Mohammed Alqahtani, MD, Richard Garfinkle, MD, Carol-Ann Vasilevsky, MD, Gabriela Ghitulescu, MD, Nancy Morin, MD, Julio Faria, MD, Marylise Boutros, MD. Sir Mortimer B. Davis Jewish General Hospital
INTRODUCTION: Although diverting loop ileostomy (DLI) creation is an effective strategy to mitigate the morbidity of anastomotic leaks, DLI is associated with complications requiring hospital readmission. Among these, dehydration is most commonly reported. The goal of this study was to identify the prevalence and risk factors for dehydration requiring readmission following DLI using a large, validated multicenter database.
METHODS: After institutional review board approval, we retrospectively reviewed the American College of Surgeons-National Surgical Quality Improvement Program (NSQIP) database between 2012-2016. Adult patients (>18 years) who underwent DLI as part of colorectal cancer or inflammatory bowel disease (IBD) resection were identified based on ICD-9 and CPT codes. Patient demographics, comorbidities, operative and post-operative data were collected. Primary outcome was readmission for dehydration, defined as dehydration (276.51), volume depletion disorder (276.50) or lack of water (E904.2). Multiple logistic regression was used to identify predictors of readmission for dehydration following DLI.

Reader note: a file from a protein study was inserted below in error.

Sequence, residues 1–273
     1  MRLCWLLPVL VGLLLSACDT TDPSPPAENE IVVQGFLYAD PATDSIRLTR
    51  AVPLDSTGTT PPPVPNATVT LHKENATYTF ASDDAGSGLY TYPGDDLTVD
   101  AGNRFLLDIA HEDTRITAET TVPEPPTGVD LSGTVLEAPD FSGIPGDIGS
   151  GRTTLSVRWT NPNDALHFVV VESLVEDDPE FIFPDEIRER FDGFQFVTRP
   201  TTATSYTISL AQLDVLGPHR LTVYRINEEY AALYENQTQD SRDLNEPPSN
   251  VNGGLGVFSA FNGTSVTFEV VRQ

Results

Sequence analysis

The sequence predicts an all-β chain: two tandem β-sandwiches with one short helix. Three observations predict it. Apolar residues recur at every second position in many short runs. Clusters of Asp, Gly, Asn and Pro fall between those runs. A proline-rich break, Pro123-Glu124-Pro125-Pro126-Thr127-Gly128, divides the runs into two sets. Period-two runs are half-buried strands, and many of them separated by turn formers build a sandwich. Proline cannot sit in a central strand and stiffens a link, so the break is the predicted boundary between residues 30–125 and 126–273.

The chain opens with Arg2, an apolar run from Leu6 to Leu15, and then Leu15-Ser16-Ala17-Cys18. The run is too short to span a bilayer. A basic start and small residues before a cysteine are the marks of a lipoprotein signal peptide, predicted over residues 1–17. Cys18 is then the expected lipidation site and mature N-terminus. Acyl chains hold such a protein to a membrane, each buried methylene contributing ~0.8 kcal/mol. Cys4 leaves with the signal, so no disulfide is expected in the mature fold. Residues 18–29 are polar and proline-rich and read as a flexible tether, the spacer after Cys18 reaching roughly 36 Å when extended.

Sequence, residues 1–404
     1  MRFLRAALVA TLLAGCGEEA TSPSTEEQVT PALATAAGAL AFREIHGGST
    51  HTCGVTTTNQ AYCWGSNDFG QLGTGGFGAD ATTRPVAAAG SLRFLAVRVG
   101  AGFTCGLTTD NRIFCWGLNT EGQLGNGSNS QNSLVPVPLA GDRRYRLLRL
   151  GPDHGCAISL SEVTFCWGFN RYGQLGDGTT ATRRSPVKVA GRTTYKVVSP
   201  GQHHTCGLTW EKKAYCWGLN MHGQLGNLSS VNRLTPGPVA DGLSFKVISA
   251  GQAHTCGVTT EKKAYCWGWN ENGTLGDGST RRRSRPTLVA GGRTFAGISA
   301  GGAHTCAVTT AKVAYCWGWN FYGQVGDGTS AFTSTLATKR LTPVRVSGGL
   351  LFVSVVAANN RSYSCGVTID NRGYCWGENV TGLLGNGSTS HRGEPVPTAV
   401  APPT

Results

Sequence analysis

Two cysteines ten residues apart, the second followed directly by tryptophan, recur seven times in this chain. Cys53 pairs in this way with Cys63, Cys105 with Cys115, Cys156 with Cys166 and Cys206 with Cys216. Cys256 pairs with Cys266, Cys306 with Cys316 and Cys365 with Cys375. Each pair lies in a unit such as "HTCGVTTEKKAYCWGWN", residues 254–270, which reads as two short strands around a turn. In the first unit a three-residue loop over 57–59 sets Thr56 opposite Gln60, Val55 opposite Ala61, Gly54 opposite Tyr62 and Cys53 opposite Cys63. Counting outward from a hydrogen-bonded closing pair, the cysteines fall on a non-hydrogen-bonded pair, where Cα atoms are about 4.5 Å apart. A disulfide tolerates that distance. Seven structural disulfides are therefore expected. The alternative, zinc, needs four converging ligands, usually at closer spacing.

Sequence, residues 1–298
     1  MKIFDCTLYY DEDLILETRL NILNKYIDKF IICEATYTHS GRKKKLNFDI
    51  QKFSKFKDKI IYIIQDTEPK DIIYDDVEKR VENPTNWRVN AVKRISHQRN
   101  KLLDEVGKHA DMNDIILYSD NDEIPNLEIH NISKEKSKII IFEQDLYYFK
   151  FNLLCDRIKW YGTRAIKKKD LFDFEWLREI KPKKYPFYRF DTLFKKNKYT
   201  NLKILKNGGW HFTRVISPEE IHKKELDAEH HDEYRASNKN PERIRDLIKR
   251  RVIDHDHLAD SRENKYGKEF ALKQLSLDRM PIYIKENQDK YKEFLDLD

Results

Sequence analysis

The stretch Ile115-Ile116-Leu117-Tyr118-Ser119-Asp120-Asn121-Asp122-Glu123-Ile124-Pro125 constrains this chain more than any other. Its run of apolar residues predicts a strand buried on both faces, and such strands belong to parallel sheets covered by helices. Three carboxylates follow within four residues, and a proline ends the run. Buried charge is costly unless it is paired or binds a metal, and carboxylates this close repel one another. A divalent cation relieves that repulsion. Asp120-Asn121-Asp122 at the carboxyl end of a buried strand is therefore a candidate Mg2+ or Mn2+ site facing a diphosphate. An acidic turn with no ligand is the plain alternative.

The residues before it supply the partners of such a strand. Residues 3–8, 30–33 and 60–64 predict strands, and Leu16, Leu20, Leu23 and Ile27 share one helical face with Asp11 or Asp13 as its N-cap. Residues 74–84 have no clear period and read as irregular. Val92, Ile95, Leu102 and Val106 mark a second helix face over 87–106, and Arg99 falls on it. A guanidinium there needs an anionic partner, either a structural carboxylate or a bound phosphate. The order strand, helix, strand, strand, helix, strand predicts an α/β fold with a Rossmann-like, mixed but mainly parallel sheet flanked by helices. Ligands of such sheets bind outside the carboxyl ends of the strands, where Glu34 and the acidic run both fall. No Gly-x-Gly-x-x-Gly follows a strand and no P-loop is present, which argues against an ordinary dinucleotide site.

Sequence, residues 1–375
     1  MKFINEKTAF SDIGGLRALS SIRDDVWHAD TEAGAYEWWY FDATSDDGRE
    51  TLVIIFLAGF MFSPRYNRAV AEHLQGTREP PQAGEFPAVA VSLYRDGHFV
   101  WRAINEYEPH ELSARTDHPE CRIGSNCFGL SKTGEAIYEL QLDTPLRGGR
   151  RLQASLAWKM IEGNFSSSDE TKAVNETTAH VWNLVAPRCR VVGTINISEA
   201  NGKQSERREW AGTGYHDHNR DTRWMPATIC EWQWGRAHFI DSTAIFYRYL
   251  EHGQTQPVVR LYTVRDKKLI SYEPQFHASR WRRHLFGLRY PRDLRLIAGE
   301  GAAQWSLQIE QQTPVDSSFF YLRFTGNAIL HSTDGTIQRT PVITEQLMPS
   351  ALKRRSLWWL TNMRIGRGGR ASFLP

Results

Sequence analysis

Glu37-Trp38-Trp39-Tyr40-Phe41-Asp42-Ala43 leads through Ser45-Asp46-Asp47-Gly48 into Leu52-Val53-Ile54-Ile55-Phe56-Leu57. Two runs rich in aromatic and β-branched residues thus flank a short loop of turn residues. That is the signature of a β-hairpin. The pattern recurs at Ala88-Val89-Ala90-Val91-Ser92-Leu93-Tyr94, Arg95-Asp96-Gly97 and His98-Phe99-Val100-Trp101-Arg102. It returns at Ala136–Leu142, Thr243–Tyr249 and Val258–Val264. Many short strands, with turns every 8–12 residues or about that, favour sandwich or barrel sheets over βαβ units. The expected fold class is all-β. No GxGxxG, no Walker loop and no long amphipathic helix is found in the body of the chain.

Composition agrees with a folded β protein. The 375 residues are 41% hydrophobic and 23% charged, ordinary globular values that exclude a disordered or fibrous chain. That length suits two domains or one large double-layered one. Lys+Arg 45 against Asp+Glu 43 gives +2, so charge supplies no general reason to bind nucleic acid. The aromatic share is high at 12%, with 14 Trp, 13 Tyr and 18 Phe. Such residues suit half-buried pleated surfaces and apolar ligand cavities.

RESULTS: Of 14,139 patients who met inclusion criteria, 2,192 (15.5%) with DLI were readmitted within the 30-day post-operative period. Among these, 214 (1.5%) were for dehydration, representing the second most common reason (10.5%) for readmission following organ space surgical site infection (22%). On univariate analysis, patients readmitted for dehydration were younger (52.6 vs. 58.5 years, p<0.001), less likely to have COPD (1.4% vs. 4.5%, p=0.042), and more likely to have IBD (59.8% vs. 34.4%, p<0.001), laparoscopic surgery (36.4% vs. 23.1%, p < 0.001), and pre-operative steroid use (25.2% vs. 18.4%, p=0.014). Patients readmitted for dehydration had longer mean operative time (269 vs. 211 min, p<0.001), shorter mean length of stay (7.6 vs. 8.9 days, p=0.023), and were more likely to have experienced a NSQIP-major morbidity (27.1% vs. 20.9%, p=0.032) during the index admission. On multivariable regression, only female gender (OR=1.37, 95%CI 1.04-1.81), IBD (OR=2.26, 95%CI 1.56-3.3), type of colorectal resection/reconstruction [ileoanal pouch reconstruction (OR=2.8, 95%CI 1.82-4.4) and total colectomy (OR=1.92, 95% CI 1.15-3.2); reference–partial colectomy], shorter length of stay (OR=1.03, 95%CI 1.003-1.06), operative time (OR=1.002, CI 1.001-1.003), and NSQIP-major morbidity (OR=1.58, 95%CI 1.14-2.2) were significant independent predictors of readmission for dehydration.
CONCLUSIONS: This study identified patient-related, operative and post-operative risk factors for readmission for dehydration following DLI creation. Female gender, IBD diagnosis, proximal stomas, longer operative time, shorter initial hospital stay, and major morbidity following DLI creation were independent predictors of readmission for dehydration. Initiatives aimed at reducing readmission for dehydration should focus on these patient subgroups.
Presented at the SAGES 2017 Annual Meeting in Houston, TX.
Abstract ID: 95806
Program Number: S039
Presentation Session: Colorectal I
Presentation Type: Podium